The trial runs roughly March 18-April 18, 2014.
This group of 12 primary source databases includes the following collections:
1: British Politics and Society
2: Asia and the West: Diplomacy and Cultural Exchange
3: British Theatre, Music, and Literature: High and Popular Culture
4: CORVEY Collection of European Literature: 1790-1840
5: Science, Technology, and Medicine: 1780-1925, PART I
6: Photography— the World through the Lens
7: Women: Transnational Networks
8: Europe and Africa: Commerce, Christianity, Civilization, Conquest
9: Science, Technology, and Medicine: 1780-1925, PART II
10: Children’s Literature and Childhood
11: Mapping the World
12: Religion and the Periodical: Point of View and Perspective
Please send any comments to Virginia Cole, history librarian (vac11).
Black Abolitionist Papers is now available at Cornell.
This digital collection consists of primary sources. It presents the international impact of African American activism against slavery, in the writings and publications of the activists themselves. Covering the period 1830-1865, the approximately 15,000 articles, documents, correspondence, proceedings, manuscripts, and literary works of almost 300 Black abolitionists show the full range of their activities in the United States, Canada, England, Scotland, Ireland, France and Germany.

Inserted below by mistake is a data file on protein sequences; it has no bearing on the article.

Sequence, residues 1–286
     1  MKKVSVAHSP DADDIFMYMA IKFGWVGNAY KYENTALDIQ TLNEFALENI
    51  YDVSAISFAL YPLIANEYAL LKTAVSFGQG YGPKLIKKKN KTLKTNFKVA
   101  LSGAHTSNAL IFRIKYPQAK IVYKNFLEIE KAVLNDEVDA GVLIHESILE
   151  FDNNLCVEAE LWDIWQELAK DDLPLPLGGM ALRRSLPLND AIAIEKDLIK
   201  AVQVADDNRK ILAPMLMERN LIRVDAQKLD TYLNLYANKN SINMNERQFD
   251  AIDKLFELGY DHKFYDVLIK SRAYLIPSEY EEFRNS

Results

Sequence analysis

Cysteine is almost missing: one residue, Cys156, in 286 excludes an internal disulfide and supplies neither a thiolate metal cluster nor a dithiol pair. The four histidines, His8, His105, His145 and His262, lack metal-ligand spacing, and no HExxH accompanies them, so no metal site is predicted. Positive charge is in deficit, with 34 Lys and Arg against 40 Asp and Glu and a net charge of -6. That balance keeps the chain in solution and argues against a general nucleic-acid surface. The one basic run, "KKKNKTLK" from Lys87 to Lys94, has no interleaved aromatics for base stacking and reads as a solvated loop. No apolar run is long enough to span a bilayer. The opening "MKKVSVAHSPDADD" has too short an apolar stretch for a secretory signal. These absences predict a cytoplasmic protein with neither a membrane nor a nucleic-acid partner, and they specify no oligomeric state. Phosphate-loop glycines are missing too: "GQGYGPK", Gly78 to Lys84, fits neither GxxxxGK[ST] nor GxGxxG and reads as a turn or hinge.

This just in: British Periodicals!
This digital collection allows searching full text of hundreds of periodicals from the late seventeenth century to the early twentieth, comprising millions of high-resolution facsimile page images. Topics covered include literature, philosophy, history, science, the social sciences, music, art, drama, archaeology and architecture.
We’re excited to announce Cornell access to Adam Matthew’s Victorian Popular Culture, a unique archival resource for four fascinating areas of 19th British century life: (1) Spiritualism, Sensation & Magic; (2) Circuses, Sideshows & Freaks; (3) Music Hall, Theatre & Popular Entertainment; (4) Moving Pictures, Optical Entertainments & the Advent of Cinema. In addition to printed and visual material from the period (books, magazines, pamphlets, posters, photographs, postcards, advertising), VPC offers audio and video files as well as 360-degree views of optical devices, toys, and other artifacts of the era. With its amazing range and depth of heretofore inaccessible material, VPC should prove to be a treasure trove for Victorianists.